I highly recommend reading the entire report here.
“Seven in ten victims prefer that prosecutors focus on solving neighborhood problems and stopping repeat crimes through rehabilitation, even if it means fewer convictions and prison sentences.”
This episode of the podcast Invisibilia, “Flip the Script,” is well worth a listen. The first two stories are about the power of responding to violence and hostility with love. The first story is about an attempted robbery at a dinner party and the second story is about how a Danish town helped young, frustrated Muslims turn away from ISIS. Both stories speak to the human need for belonging and offer a way for us to respond to wrongdoings not by punishing or causing further harm, but rather by embracing the wrongdoer and working towards the best outcome for everyone. This shift, this flip in the script, is at the root of Restorative Justice and is the most powerful and transformative tool available to our human community.
Listen to the podcast here.
A friend recently recommended a book called The Empathy Exams by Leslie Jamison. The opening essay has this quote about empathy that I absolutely love.
“Empathy isn’t just remembering to say That must really be hard, it’s figuring out how to bring difficulty into the light so it can be seen at all. Empathy isn’t just listening, it’s asking the questions whose answers need to be listened to. Empathy requires inquiry as much as imagination. Empathy requires knowing you know nothing. Empathy means acknowledging a horizon of context that extends perpetually beyond what you can see.”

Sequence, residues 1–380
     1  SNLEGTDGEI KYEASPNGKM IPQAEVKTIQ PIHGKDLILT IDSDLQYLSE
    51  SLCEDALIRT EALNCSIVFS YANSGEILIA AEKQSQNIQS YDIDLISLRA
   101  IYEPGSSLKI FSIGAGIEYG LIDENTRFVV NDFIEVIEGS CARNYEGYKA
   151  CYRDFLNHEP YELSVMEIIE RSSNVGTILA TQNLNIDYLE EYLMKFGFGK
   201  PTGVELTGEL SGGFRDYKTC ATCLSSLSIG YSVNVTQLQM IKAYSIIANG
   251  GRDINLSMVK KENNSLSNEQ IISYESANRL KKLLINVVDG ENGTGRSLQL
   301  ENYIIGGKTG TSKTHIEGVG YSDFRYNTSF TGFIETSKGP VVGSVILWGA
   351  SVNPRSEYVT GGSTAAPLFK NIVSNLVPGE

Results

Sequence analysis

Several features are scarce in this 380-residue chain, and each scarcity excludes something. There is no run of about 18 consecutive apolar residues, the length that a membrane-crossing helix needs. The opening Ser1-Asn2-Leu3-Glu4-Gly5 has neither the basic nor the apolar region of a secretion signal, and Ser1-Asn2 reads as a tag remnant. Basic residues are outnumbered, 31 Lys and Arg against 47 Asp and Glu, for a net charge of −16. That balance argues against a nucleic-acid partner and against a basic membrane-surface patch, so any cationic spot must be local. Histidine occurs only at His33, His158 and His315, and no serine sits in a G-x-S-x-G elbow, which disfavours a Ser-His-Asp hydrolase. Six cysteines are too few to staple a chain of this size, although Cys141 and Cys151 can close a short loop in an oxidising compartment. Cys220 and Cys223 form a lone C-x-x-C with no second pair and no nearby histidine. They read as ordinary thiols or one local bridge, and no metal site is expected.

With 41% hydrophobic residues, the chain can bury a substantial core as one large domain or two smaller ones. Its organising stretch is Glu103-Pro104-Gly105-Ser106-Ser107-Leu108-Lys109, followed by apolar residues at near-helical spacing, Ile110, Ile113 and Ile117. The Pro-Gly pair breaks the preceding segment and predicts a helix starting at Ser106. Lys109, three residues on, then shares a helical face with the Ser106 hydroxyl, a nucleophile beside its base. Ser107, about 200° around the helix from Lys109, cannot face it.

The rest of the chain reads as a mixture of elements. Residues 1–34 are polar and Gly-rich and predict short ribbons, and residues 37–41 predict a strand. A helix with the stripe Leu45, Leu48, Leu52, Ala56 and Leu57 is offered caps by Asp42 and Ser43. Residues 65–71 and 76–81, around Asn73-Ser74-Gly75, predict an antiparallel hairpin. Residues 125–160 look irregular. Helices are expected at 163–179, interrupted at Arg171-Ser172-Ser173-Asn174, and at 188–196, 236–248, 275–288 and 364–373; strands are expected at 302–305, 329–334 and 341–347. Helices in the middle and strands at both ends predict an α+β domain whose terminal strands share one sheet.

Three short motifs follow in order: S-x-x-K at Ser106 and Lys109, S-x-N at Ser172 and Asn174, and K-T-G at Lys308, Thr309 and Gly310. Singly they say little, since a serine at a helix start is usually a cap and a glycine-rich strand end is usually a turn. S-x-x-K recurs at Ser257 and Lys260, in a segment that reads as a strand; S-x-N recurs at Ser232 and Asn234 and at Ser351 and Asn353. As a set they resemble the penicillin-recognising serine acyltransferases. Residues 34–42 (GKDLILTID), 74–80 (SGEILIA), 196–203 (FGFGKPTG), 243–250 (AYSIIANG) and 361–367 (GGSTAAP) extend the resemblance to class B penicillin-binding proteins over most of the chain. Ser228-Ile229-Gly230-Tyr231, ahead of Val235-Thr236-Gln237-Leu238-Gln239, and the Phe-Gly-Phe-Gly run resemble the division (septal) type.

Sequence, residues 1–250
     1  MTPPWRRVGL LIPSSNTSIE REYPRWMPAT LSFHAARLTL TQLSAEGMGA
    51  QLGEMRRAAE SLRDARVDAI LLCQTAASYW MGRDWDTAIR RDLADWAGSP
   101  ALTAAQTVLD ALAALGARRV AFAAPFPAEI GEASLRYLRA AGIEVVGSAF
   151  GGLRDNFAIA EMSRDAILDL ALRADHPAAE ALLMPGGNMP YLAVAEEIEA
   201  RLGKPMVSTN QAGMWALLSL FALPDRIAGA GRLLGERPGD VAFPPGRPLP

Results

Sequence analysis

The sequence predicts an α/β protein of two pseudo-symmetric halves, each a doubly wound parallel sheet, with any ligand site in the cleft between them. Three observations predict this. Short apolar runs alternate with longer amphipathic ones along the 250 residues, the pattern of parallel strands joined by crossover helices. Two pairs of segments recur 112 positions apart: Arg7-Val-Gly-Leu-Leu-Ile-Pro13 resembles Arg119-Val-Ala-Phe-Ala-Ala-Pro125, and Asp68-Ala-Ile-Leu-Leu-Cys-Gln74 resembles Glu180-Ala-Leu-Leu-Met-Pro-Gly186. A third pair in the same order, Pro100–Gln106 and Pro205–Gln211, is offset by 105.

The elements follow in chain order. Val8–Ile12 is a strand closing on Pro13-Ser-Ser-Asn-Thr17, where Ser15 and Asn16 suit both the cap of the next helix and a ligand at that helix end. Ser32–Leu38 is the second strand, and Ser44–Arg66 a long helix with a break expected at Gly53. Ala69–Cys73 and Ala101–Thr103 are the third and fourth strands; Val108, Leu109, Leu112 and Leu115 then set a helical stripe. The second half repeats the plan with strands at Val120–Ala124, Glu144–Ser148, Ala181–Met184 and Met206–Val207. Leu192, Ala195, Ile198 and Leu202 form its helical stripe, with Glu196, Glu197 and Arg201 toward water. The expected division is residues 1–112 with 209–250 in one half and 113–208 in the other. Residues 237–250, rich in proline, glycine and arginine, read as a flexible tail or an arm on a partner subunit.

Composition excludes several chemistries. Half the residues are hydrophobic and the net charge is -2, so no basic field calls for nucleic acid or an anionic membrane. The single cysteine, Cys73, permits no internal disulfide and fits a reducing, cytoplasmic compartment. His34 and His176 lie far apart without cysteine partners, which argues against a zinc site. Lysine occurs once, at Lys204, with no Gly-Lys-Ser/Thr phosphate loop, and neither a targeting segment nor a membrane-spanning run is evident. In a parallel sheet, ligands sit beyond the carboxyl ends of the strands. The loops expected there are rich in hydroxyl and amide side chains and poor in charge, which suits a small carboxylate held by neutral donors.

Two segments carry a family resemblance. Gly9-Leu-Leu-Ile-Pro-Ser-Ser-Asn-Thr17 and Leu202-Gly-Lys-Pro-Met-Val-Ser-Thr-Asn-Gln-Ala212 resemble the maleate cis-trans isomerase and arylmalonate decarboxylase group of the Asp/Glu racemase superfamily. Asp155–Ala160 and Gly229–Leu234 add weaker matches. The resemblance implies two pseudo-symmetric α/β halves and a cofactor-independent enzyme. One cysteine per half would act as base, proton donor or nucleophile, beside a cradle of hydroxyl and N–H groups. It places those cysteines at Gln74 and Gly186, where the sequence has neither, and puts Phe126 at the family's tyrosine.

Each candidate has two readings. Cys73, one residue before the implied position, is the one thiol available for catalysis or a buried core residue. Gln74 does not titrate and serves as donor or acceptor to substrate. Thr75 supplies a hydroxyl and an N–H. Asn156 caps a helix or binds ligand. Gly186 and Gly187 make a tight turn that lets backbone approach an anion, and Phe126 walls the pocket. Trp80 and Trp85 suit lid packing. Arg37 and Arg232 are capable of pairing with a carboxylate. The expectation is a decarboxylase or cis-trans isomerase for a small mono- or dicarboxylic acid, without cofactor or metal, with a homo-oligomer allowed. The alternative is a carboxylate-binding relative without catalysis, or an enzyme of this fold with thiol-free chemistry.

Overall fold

This quote speaks to the power of teaching Restorative Practices in schools and communities. In order to learn empathy, we must learn to ask the important questions, to approach each other with curiosity and humbleness. We must strive to understand the full picture.
In two weeks, a co-worker and I are traveling to Florida to present at the National Association of Community Restorative Justice Conference. We are presenting on three topic, including Partnering with Police in restorative justice organizations. Today, we met with the Chief of Police to interview him about his decision to partner the Police Department with restorative justice twenty years ago. He said a lot of great things, but one quote struck me as especially powerful and timely. He shared this insight directly after telling us about a Chief of Police conference he attended recently where he spoke about restorative justice and raised the question of whether police officers could be ambassadors of kindness and compassion in their communities.
“There are police departments on bended knee right now trying to figure out how to make different relationships with their community. More than ever, they are wanting to figure out new ways of doing business. Will we just be the hammer that comes down on people? Or can we be something else in our community? That question looms big now more than ever. The ground is fertile, the time is ripe, the window of opportunity is big now, so jump on it. Now is the time to bring all these things into play.”